Brecker also made several recordings with Bette Midler, including "Let Me Just Follow Behind," which appears on RandyPOP! Some other early connections in his career led to this one. "There was this great song writer—two song writers, really. Mark 'Moogy' Klingman and Carol 'Googie' Coppola, whom I met early on, working with a band called Air. Among the other tunes Moogy wrote were 'You've Got to Have Friends.' He wrote a lot of stuff for Bette Midler. On this tune, I played on Googie's original demo. I had thought all these years that she had written the tune, because she was a wonderful songwriter in her own right and an amazing singer. I thought of this tune immediately because I love it. Bette Midler asked me to reprise the solo I played on the demo, when she eventually recorded it. I was working a lot for Atlantic at the time, and I also knew her pretty well. It's just a beautiful tune, and Kenny kind of picks it apart and does a whole different thing with it."

A particular standout is "I Can't Quit Her," a tune written by Al Kooper for the original Blood, Sweat & Tears recording, Child is Father to the Man, where Werner's arranging really shines. "That's my favorite tune on that original record," says Brecker. "Kenny really did it in a different way. For one thing, it's in 5/4, but it's really bi-rhythmic, so to speak—there's a lot of stuff going on. It's a very challenging chart."

Brecker has a strong recollection of his time as a regular member of that original Blood, Sweat & Tears band, working under Kooper's leadership. "Al is a unique musician. He has some limits with his technical ability, but he found ways to get his ideas through, and he really created a style on organ, particularly on the Bob Dylan records. And he's a great organizer, a great composer in his own right. We used to get together with that original Blood, Sweat & Tears band, several years in a row at the Bottom Line. We'd reconvene and did every tune off the record in the order we recorded it with most of the original guys." Brecker left the band the same time that Kooper did, when David Clayton Thomas came in as the vocalist, just before the band's huge, chart-topping hits. Brecker remembers the details of the transition well. "There was a band meeting one night, and I had made my mind up that I was going to leave, because as much as I liked the band—and I did love the band—I didn't get a chance to really improvise much. If I was lucky, I'd maybe get two solos a night.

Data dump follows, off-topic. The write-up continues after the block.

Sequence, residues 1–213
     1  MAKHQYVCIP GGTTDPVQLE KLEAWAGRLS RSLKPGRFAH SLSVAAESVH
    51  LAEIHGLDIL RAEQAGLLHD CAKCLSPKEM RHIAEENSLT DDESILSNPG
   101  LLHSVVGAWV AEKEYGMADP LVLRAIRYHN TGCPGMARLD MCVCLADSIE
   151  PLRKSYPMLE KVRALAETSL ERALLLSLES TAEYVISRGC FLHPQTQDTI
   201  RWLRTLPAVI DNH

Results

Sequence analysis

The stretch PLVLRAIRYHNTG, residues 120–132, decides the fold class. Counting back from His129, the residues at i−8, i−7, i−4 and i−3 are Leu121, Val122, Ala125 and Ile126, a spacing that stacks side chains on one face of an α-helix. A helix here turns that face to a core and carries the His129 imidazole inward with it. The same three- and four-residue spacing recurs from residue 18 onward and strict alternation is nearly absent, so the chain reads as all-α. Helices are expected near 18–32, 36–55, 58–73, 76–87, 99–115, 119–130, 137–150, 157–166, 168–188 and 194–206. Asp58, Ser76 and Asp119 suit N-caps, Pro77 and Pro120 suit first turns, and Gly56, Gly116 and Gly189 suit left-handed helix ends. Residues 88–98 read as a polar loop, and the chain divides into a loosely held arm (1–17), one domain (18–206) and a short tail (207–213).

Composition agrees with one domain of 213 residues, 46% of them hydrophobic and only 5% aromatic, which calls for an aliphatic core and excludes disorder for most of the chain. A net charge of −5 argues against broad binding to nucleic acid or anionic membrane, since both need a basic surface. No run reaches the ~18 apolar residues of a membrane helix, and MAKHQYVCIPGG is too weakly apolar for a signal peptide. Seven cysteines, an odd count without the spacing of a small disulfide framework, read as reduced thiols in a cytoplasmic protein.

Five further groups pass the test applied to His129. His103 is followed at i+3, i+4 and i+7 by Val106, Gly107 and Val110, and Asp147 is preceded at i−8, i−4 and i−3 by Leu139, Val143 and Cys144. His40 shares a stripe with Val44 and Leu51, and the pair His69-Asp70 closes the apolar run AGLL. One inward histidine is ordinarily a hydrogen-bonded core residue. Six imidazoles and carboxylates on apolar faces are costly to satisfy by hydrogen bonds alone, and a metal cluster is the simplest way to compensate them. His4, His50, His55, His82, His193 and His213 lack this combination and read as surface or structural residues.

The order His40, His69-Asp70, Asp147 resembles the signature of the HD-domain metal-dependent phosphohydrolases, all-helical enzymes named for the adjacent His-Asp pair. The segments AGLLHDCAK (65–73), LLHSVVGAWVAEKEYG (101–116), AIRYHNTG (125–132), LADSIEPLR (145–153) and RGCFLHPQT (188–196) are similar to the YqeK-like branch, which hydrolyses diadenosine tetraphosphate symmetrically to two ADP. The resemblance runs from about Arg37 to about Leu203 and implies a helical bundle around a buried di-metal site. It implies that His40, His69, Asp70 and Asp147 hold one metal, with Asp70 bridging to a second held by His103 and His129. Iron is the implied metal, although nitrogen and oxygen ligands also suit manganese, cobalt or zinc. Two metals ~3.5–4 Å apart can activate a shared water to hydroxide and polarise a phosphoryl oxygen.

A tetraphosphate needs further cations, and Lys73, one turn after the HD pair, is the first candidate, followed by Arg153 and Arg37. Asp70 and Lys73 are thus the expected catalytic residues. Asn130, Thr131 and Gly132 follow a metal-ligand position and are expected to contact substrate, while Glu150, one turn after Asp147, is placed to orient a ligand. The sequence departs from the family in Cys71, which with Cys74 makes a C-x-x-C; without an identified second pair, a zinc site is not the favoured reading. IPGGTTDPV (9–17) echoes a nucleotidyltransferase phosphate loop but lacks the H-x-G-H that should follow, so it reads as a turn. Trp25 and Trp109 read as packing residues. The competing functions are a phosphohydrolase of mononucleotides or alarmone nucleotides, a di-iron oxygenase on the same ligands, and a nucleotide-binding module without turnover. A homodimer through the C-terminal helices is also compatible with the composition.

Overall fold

"I had auditioned for Horace Silver, and he offered me a gig with other musicians like Billy Cobham and Bennie Maupin and John B. Williams, and that band was a great opportunity. I didn't want to miss that. So, at the band meeting that night, I was all set to quit, and they brought up how they didn't think Al was a strong enough lead singer. And they found another singer they wanted to add to the band. Not fire Al, but add a lead singer, a guy from Canada named David Clayton Thomas. Well, Al abruptly quit—walked out of the meeting. And I said, I hate to say it guys, but I don't think you'll ever make it without Al. I explained my situation, that I also had to quit. They begged me to stay. They were going to do a new record and cut everyone in equally. But my mind was made up, and that was it. The next day, purely by happenstance, I was sitting next to Lew Soloff at a Joe Henderson big band rehearsal, and by the end of the rehearsal I had talked Lew into taking my place. He really didn't want to do it, because he was strictly a jazz guy. He didn't want to play in a rock band, but I explained to him that they had a salary—you got paid whether you worked or not. It was $200 a week. I thought I was going to make more with Horace than I made with Blood, Sweat & Tears. Horace told me it was $250 a week, but he didn't mention that he took taxes out, and we had to pay for our hotel. Usually, by the end of the week, I ended up paying him.

"Lo and behold, Lew went in and did that record with them, Blood, Sweat & Tears, with 'Spinning Wheel' and all those other great hits on it. The record sold eleven million copies, and in several months—maybe it wasn't even that long—Lew's salary had gone up to $5,000 a week. This was in 1968. So it took a little bit to get over that, but I wouldn't have traded it for the world, playing for Horace. We were together for two years. I learned so much about improvising and just how to be a band leader, and composing music, and how to present a band. It was just a great thing. The Blood Sweat & Tears guys used to come and see us quite a bit. I remember once they were playing at the Spectum in Philly—holds 50,000 people—and we were playing at the Showboat, which holds about 200 people. And they came down in limos and heard the band."